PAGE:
From there, Finn Russell sacrifices short gains to shift the point of focus. On return passages, defences need to reshuffle more and more to be able to make it back up. Russell fires the class pass, sending his carrier bundling into English tacklers and resparking the momentum, keeping the break threat alive on each phase.
This depth results in the blindside opening up for a second, allowing Ben White to sneak in and score a stunner.
Much like Johnny Sexton, Finn Russell spins the winds with an element of gravity that only cornerstones possess. Despite the loose evolving nature of the attacking pieces, his chess moves disabling defences with a touch of flair.
His delayed passing, optimal choice of pass target, as well as his vision and balance between micro- and macro-view of an attacking sequence are crucial elements to creating havoc on the pitch. Prime Scotland seamlessly work from phase to phase, with 2-3 hitter options targeting holes, and the shallow link from there to midfielders and outside backs, without needing mechanical over-under plays.
The crosskicks from typical passing set ups in a variation of 1-3-2-2 are trademark to unlock the Boks, and have flourished the last time they did battle.
While the Hype is much around Finn, this hasn’t been doable without options around him.
Their squad is full of power running threats, a rock solid front 5, and a barnstorming back row full of pace and soft hands. The ability of locks to make catch passes, and backs to bash it up creates a Fijian interchangeability with the most entertaining side in the world.
In the backs, Duhan Van Der Merwe is a massive power runner, with Darcy Graham acting as a pure finisher. Their midfield has matured, with Sione Tuipolutu acting as a flat ball player to support Russell floating wider to pull the trigger on key plays.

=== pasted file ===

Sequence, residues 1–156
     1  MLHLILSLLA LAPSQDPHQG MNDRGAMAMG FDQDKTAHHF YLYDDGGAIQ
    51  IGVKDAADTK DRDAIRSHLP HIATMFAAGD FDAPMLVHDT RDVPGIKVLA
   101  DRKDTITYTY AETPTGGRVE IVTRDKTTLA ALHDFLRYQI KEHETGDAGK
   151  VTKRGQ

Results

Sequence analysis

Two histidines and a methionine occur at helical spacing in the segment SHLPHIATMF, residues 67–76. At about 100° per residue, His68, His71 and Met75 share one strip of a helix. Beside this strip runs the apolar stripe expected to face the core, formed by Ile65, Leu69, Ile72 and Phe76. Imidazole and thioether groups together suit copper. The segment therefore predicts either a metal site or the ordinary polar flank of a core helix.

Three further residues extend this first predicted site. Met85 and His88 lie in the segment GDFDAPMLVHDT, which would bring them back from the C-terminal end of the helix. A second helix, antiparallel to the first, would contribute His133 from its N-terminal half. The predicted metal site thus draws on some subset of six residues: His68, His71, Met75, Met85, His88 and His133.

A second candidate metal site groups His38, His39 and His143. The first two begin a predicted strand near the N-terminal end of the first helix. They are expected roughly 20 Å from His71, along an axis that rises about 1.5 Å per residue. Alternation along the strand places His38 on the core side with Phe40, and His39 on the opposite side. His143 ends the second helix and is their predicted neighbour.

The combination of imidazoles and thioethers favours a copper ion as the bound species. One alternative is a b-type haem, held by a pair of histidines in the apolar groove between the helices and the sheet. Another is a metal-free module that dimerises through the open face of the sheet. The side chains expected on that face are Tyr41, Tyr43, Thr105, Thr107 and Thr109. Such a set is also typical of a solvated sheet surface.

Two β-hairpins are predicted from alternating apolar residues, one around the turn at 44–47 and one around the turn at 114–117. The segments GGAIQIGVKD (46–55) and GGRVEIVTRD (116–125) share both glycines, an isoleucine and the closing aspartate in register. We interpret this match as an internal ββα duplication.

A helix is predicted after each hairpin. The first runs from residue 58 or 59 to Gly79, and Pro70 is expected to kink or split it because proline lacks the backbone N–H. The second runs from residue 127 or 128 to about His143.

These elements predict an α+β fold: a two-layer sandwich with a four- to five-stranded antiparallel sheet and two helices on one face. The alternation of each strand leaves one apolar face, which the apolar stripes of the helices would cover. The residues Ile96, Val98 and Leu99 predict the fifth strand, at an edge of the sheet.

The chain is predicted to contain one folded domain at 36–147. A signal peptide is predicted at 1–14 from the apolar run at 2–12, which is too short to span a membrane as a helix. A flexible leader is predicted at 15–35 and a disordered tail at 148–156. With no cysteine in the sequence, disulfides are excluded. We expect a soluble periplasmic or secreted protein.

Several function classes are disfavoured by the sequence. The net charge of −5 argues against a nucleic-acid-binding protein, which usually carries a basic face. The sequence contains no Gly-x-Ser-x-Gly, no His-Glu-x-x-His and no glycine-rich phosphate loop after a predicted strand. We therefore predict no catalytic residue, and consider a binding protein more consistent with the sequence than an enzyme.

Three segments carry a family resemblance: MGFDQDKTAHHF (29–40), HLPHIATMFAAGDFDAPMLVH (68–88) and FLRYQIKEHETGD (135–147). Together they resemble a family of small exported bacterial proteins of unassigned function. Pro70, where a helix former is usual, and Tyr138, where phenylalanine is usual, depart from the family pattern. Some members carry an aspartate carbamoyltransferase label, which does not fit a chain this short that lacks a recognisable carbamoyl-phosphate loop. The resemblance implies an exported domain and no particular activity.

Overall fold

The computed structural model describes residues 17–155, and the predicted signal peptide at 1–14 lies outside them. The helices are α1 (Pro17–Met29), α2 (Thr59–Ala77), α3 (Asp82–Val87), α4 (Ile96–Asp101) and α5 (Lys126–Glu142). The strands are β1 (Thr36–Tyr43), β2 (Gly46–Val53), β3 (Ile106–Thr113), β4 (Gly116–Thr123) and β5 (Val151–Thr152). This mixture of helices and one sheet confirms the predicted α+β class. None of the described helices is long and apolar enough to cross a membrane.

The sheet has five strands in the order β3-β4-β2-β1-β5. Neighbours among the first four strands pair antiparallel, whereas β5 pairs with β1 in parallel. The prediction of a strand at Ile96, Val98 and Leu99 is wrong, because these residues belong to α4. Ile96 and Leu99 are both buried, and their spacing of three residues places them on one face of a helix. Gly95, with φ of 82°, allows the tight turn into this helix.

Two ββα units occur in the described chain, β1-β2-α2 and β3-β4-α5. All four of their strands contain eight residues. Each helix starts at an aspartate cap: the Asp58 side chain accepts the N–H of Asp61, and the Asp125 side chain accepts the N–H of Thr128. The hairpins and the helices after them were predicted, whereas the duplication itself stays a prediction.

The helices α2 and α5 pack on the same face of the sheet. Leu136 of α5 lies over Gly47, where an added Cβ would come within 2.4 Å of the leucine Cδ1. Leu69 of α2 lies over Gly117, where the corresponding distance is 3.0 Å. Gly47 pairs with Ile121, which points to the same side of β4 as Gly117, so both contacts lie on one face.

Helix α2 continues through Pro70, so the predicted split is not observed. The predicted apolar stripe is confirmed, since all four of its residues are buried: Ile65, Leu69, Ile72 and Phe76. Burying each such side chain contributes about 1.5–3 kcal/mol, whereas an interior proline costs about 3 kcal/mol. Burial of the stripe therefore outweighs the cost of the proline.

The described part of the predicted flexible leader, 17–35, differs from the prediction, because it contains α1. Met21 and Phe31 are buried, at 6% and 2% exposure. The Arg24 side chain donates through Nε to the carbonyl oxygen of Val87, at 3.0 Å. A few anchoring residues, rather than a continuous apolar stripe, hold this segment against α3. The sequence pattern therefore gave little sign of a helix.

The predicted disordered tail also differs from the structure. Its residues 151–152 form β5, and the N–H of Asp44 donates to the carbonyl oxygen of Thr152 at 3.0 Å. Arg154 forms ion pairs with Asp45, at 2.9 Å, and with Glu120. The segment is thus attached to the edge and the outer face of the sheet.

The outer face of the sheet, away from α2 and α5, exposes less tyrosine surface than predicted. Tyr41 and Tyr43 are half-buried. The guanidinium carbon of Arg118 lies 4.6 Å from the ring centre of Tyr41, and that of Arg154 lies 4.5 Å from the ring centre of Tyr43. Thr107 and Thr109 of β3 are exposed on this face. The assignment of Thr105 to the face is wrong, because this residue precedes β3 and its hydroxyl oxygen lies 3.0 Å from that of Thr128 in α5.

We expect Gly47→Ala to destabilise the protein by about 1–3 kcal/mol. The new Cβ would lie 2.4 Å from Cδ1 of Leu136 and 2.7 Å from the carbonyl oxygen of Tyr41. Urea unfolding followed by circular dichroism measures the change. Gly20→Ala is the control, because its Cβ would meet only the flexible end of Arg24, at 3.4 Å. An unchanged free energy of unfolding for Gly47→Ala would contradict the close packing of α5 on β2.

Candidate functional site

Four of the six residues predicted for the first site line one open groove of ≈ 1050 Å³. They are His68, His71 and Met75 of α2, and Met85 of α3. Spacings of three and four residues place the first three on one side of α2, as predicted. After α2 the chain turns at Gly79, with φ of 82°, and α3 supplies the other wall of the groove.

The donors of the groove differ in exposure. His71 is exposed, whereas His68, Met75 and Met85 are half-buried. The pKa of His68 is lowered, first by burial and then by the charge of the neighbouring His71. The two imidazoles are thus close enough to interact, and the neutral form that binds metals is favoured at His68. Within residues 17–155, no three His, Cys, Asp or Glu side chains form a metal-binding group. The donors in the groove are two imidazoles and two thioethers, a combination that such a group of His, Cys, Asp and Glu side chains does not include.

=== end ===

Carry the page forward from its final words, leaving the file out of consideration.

Huw Jones has ran classic lines at strong pace, with his X-factor line-breaks combined with elite handling turning into a creative magician and line break merchant for the Scots. Blair Kinghorn has big shoes to fill in the place of Stuart Hogg, but the figurehead strike runner role can be compensated for with strike power at 11, and 13 to take up some of those touches.
To demonstrate their potential to beat Ireland, who have a tight press leaving few gaps in their defence, but space on the outside, let’s look at this Huw Jones try from 2021.
Finn Russell runs the shape excellently, with the inside looping winger of Duhan forming a ‘pod’ with Hamish Watson underneath him. Stuart Hogg’s pacy pedigree combined with Duhan’s power puts James Lowe in two minds, being able to exploit the defensive behaviour of the winger. A perfect flat pass from Hogg finds Huw Jones to burst through for a try.
Hence, the guileful integration of multiple threats into an attacking shape is crucial for the Scots to be able to punch above their weight and perform when it counts. The Scots have a solid defence with multiple fail safes. They have a strong pack, and a classy backline of flair and composure. Their attack remaining a cut above the rest is crucial, if they are to become the dark horses of this year’s World Cup.
2019’s Springboks were in an identical situation, and the latest win over France could be a key statement ahead of the World Cup.